On July 5, 2013, Brooklyn resident Antonius Wiriadjaja was walking to the subway, when he heard what he thought was a firecracker. Realizing it was a gunshot, he looked to the woman in front of him, worried she’d been shot. Looking down, he realized it was he who was bleeding from his chest.
Wiriadjaja, 30, was incredibly lucky that day. He was shot in the chest, but the bullet didn’t damage his vital organs and instead angled down to his gut. Though he was in a coma for four days and later in physical therapy for seven months, he survived relatively unscathed.
The scars–both physical and mental–have lasted to this day and may always will. That gradual, painful healing is what he’s been documenting on his blog, “How I Survived A Gunshot To The Gut,” a powerful series of about 425 images taken in the same pose each day since three weeks after that fateful day.
“I’m so happy to be alive. And I’m so happy to have a body that heals. But this is what happens when guns get into the hands of lunatics who can’t aim. Look at it. Deal with it,” his site reads, by way of intro.
The idea started while in the hospital, when Wiriadjaja, a grad student in NYU’s interactive telecommunications program at the time, took a selfie with his mother and posted it on social media. He got such a strong reaction from friends and family that he decided to continued his photo series. Each photo features him with his shirt up, raising his arm. The scar running down his chest and under his arm, where doctors inserted a breathing tube, are jarring.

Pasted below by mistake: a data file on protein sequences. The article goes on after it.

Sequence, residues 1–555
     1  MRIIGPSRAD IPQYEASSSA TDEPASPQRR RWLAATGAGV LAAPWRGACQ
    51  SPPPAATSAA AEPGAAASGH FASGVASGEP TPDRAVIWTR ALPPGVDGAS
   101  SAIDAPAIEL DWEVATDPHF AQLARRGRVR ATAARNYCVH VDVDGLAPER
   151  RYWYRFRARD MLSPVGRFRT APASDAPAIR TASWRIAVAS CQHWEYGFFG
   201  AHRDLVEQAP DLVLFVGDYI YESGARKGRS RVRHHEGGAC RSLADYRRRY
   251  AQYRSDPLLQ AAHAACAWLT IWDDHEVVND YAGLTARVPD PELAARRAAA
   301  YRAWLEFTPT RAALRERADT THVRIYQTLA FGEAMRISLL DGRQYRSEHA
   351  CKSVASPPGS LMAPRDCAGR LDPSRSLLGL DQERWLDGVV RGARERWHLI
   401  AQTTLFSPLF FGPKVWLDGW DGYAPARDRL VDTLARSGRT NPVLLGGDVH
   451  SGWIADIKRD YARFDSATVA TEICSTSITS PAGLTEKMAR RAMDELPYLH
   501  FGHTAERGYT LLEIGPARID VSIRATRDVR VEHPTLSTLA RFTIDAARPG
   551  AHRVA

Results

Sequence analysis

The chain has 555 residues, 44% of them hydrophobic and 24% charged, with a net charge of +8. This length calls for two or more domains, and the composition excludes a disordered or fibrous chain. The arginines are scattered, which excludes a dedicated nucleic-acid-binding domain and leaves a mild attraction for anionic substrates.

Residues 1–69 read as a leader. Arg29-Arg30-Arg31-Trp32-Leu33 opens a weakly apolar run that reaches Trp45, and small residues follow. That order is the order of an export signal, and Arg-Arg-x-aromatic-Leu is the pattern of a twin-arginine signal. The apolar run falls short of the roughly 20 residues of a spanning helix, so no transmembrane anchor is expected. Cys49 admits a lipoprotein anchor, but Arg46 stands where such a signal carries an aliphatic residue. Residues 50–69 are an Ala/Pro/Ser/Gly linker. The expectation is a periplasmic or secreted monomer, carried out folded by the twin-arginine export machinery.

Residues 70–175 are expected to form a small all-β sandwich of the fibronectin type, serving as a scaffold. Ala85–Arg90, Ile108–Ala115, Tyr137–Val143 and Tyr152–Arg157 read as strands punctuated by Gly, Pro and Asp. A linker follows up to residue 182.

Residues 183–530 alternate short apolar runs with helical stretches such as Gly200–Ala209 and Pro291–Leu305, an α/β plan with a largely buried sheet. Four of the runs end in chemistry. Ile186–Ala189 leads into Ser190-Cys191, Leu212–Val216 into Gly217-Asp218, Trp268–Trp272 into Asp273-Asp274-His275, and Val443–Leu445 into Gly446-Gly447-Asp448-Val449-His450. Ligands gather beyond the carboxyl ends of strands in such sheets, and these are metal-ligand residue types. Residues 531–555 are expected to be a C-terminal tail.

In the beginning, he thought of the project as a way to advocate for gun control. The man who shot him by accident had indeed been aiming for the nearby woman. According to Wiriadjaja, the shooter thought she was pregnant with another man’s baby (he was later caught and awaits trial.)
“Now, I realize it’s more than just about gun control. It’s also about the human condition. I like to remind people that one asshole, one guy shot me but hundreds of people helped save my life,” he says. “I do know that I wouldn’t be here if the guy didn’t have a gun.”
Wiriadjaja recently displayed his work at an arts festival in Brooklyn, exhibiting digital picture frames that scrolled through his photos–one, slowly, and one at high-speed, to highlight the changes he experienced during the healing process. About 100 people a day have been visiting his website, though there was a bigger spike about two months after his shooting when he was named “New Yorker of the Week” on the TV channel, NY1.
“It was one of those moments where I was like, wow, I can’t believe that many people have seen me shirtless,” he says.
In the series, viewers can follow his healing process. Even his face changes as he loses and then regains weight. The site has been trolled by gun advocates, but generally the reaction has been extremely positive, he says. One thing he struggles with is how long he’ll continue taking photos–that is, when the healing process can be considered “complete.” He doesn’t have an answer yet, but it’ll go on for a little while longer at least. He is still dealing with residual pain and lingering depression.
Today, Wiriadjaja is teaching
anime animation at NYU and plans to soon start a job teaching at the school’s campus in Shanghai. He’s no longer living in Brooklyn, because he couldn’t afford his apartment after being unable to work during his long recovery. Luckily for him, a nonprofit that heard his story stepped in and offered him subsidized housing in Manhattan’s Chinatown neighborhood. “I guess that’s what it takes to get a one-bedroom apartment in Manhattan these days,” he says. “You have to get shot.”